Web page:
If you are interested in investor protection, as am I, there's some good news to share.
Conflicts of interest that are imbedded in your relationship with your broker or adviser are going to get more attention from regulators. That's a good thing -- more disclosure, and where possible, a reduction or even an elimination of conflicts.
An Aug. 3 staff bulletin from the U.S. Securities and Exchange Commission, "Standards of Conduct for Broker-Dealers and Investment Advisers Conflicts of Interest" (tinyurl.com/525d53t8), directs firms to take steps to identify potential conflicts in how they do business -- not one-time only, but on a regular basis. The goal is to have firms establish a "culture of compliance" -- I like that.
Why the focus on conflicts? It's simple. Conflicts can give firms and financial professionals an edge over a consumer. Here's an easy one: The firm is holding a sales contest incentivizing one financial product over others. If you are not aware of the extra incentives, could you be sold a product you don't need? Maybe. Maybe not.
But wouldn't eliminating the potential for this situation be a good thing? The SEC thinks so, and is making sure firms think so too, as is clear from the staff bulletin.
What might be eliminated? Potentially a "compensation or incentive program that provides significant benefits or penalties based on its financial professionals' success or failure in meeting certain benchmark, quota, or other performance metrics established by the firm," to quote the staff bulletin.
The controlling factor is simple: "a particular incentive practice is causing [the firm's] financial professionals to place the firm's or the financial professional's interest ahead of the retail investor's interest."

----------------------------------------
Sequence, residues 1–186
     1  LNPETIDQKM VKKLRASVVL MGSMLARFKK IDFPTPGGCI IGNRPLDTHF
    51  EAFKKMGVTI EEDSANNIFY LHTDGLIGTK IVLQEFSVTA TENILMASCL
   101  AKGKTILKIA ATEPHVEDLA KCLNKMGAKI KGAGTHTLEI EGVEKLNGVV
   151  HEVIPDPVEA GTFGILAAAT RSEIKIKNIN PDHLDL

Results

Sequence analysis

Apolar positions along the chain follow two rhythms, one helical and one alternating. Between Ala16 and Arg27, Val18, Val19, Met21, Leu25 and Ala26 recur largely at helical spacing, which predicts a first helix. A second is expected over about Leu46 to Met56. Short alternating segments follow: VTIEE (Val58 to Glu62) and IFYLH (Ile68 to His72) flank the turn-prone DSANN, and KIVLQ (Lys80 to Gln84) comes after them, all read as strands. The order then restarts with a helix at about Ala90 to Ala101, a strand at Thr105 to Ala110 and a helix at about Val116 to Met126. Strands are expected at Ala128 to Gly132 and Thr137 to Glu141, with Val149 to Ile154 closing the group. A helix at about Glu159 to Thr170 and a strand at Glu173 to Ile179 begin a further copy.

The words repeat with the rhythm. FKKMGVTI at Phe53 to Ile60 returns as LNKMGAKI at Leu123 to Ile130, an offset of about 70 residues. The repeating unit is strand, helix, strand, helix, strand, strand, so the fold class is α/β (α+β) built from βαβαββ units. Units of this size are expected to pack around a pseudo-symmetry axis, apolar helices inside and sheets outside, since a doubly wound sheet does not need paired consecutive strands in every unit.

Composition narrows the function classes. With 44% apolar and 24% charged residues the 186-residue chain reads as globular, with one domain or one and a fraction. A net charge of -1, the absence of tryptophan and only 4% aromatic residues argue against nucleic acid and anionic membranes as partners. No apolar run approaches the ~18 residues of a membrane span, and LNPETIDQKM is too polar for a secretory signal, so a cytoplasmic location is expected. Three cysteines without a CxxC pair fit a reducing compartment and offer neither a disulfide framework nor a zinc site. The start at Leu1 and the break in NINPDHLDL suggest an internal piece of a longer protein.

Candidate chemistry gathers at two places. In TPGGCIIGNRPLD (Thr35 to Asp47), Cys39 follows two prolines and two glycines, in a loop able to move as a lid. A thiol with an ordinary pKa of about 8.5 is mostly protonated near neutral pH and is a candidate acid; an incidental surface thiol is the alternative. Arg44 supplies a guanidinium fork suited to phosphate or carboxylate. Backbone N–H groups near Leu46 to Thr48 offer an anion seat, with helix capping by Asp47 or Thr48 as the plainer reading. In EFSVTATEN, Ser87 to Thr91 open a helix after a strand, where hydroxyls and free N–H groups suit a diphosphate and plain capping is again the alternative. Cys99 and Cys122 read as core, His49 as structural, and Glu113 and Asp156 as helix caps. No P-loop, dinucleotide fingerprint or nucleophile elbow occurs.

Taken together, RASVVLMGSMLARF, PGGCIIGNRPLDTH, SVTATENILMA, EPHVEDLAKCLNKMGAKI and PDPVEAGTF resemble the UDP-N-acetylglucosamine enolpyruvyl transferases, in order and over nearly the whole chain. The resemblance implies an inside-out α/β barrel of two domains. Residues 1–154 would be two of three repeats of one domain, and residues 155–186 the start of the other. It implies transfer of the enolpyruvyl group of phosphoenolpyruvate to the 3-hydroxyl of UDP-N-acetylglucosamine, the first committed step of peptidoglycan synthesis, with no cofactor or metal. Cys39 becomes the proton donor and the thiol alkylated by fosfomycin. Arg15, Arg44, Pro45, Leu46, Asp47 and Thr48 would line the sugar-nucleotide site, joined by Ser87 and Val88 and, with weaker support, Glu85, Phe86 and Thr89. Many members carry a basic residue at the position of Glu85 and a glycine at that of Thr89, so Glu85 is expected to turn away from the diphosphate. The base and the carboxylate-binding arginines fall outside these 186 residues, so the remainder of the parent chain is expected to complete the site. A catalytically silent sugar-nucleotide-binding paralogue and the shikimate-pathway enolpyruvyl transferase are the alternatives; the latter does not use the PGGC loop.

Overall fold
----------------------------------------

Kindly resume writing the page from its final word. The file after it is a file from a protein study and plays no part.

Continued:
Again, this is all good for the investor.
You may be thinking, "How can consumers know about conflict?"
Indeed, it is not that easy to tell, unless you get help. That help is Form CRS, which is an SEC-mandated disclosure document that you can easily read and compare to another firm's CRS.
Look up your own brokerage firm or adviser online. Firms are required to post their Form CRS's (Client Relationship Summary) on their websites.
Take a few Form CRS's and compare them to each other. (If you need a Form CRS to look at, I'm happy to show you mine https://tinyurl.com/4e2r52du.)
Each firm's CRS is required to discuss conflicts. Find that section under "What are your legal obligations to me when acting as my investment adviser? How else does your firm make money and what conflicts of interest do you have?" That's your starting point.
While the SEC staff bulletin is directed at firms, it's equally important to you as an investor. Take time to read it. Then ask your financial professional the conversation starters listed in the CRS. Evaluate the answers you receive. Then decide if you're with the firm that is best for you.
This may sound like a lot of work, but believe me, it isn't. The CRS can be no longer than four pages (for dual registrants) and no longer than two pages for other SEC regulated firms (broker-dealers and investment advisers).
Remember, advisers and brokers are working for you to achieve your investment goals, so you need to have a solid understanding of their process and what can influence it.
Finally, let me know if this topic is of interest to you. I'm thinking of putting on a few webcasts to explore this topic further. Email me at email@example.com if you'd like an invitation.
DISTRIBUTED BY ANDREWS MCMEEL SYNDICATION